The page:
Domenico di Pace called Beccafumi

(Montaperti, 1486 - Siena, 1551)

recto: Putti with a Banner Pole

Pen and ink on white paper, cut to shape

verso: Harpies

Pen and ink on white paper, cut to shape

95 x 52 mm (3.74 x 2.05 inches)

  • Reference Number: 0150
  • Provenance: Dr. Arthur Feldmann, Brno, inv. 3205 Moravska Galerie, Brno inv. EK 2562
  • Price: Sold, or no longer available

The putto's left arm is raised, he is leaning towards the right and holding an upside-down banner pole with his right hand. On the verso side of the foglio two horrible figures are walking towards the right. They look like Harpies, even though the wings of the first figure are barely visible and both figures' extremities are webbed instead of ending in claws as is customary. This is an unusual but not rare way to depict these mythological creatures especially during the Classical era.
Even though this is clearly a rapid sketch, the quality of the drawing is surprisingly high. It is clear that the hand that drew it is that of a great Master, one who is capable of giving a Tuscan interpretation to influences that came from Northern Italy and specifically from Lombardy. Both the monsters and the rotund profile of the putto clearly show the influence of Leonard's genius and of the inheritance that he left his school in Lombardy. The putto also shows signs of anticipating "anticlassical" (to use the term so cleverly coined by Antonio Pinelli in his famous book) trends that were so important at the beginning of the epoch of Andrea del Sarto. Clearly, this is just a stylistic comparison that is based principally on the poetry of the image as a direct comparison is not possible, but this figure seems to be inspired by the figure of Christ and Saint John the Baptist in the Madonna with St. Catherine and Elizabeth that is in the Hermitage today, a work of art that is amongst the best in del Sartos' work at the end of the second decade of the 1500s .
Certainly, the stylistic elements are sufficient to attribute this foglio, one of the masterpieces of this show, to Domenico Beccafumi. This Sienese painter, in fact, is the only Master in the first half of the 1500's who unities these influences in his work. His long apprenticeship, first in Siena with Pinturicchio, then starting in 1510 in Rome to study the frescos in the Sistine Chapel and in the Stanza della Segnatura, and then, after a time in Florence, again in Siena, in the painter called Sodoma's workshop, gave him a style that was practically unique in the entire Italian cultural panorama and makes his work immediately recognizable.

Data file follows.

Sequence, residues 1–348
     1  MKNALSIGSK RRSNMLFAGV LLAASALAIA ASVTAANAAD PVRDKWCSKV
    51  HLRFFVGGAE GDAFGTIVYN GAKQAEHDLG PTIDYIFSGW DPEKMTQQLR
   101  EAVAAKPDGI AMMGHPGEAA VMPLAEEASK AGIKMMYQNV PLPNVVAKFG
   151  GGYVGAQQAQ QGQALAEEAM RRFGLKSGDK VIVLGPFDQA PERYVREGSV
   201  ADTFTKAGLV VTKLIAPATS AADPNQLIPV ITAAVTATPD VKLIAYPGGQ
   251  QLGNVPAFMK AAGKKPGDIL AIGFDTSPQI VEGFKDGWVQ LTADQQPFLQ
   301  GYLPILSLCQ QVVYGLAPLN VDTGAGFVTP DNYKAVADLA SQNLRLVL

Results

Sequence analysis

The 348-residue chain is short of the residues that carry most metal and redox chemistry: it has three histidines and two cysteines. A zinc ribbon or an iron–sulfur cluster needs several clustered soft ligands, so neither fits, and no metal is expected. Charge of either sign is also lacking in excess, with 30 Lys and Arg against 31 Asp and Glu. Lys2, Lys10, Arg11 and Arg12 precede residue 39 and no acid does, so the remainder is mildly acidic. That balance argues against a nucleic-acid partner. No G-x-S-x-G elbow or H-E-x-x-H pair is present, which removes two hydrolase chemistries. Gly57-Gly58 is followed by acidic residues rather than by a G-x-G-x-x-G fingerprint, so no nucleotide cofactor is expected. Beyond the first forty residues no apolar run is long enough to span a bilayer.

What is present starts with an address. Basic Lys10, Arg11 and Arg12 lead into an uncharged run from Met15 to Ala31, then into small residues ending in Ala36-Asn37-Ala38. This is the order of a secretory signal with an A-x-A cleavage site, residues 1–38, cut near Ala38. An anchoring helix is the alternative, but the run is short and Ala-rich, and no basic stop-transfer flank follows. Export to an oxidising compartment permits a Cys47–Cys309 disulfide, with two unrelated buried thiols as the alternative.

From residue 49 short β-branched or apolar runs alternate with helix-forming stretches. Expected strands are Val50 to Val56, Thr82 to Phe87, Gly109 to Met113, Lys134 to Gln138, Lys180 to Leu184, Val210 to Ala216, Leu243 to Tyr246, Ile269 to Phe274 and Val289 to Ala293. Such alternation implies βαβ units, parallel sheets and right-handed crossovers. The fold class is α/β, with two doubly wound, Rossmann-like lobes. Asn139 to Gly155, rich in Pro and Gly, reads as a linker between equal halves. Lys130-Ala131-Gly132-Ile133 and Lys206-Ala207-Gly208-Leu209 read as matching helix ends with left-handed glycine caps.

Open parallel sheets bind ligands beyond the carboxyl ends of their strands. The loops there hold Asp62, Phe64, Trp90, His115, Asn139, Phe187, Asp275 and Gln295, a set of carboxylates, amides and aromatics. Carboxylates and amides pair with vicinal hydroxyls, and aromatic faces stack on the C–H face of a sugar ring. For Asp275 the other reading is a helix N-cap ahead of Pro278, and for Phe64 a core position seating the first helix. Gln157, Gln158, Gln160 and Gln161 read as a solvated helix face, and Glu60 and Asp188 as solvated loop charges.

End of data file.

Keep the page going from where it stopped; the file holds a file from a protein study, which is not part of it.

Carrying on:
Other artists that share the artist born in Montaperti's openness to the pictorial traditions mentioned above, and above all the Sienese painter Giorgio di Giovanni, never seemed to have reached the heights of artistic quality that this foglio so evidently demonstrates. On top of that, the putto on the recto side can be quite pertinently compared with others in sketches attributed to Beccafumi by some of the best specialists. Such is the case with several Groups of putti in the Cabinet des Dessins at the Louvre (especially the one with the inventory number 10757 ) or with another Group in the Gabinetto degli Uffizi (inv. 1650 ORN). The Uffizi also have a famous sanguine sketch by Beccafumi (inv. 1270 F) with a San Giovannino which is extraordinarily similar to our sketch by for the drawing style and for the incredible quality of the composition as a whole .
Another interesting hypothesis comes when the Putto with a Banner Pole is compared with a figure on the right hand side of a medium-sized painting, a Putto with a Medallion today in the Chigi Saracini collection owned by the Monte dei Paschi in Siena . The pose is the same with very little variation such as the head looking slightly lower in the drawing. And the date must be about the same too: the painting is generally dated to the 1530s , a phase in the artist's career that the drawing on display here most probably comes from too. The absence of some important details such as the wings, that in the painting are depicted at the height of the neck, and the upside down banner in the drawing make me think that the drawing could have been a preparatory study for the another painting, whose whereabouts are today unknown, even though it could have been a study for the painting in question.
More difficult to attribute is the drawing on the verso side, probably a study done by Sodoma. The figures of the Harpies seem to recall the frescos on the ceiling of the Piccolomini Library in the Duomo in Siena, a project where Beccafumi began working as a young man. The scenes in the rectangular compartments along the longer walls, inspired by antique sarcophagi, figures drawn by Pinturicchio who left his studies to Girolamo Pacchiarotti to be finished, can be considered a probable inspiration for the drawing. In this case the drawing would be a sketch from a lesson on classical antiquities, just like the preparatory drawings for the decoration of the floors in the Duomo in Siena, finished by one of the most imaginative and ingenious personalities in all of the Italian Renaissance.

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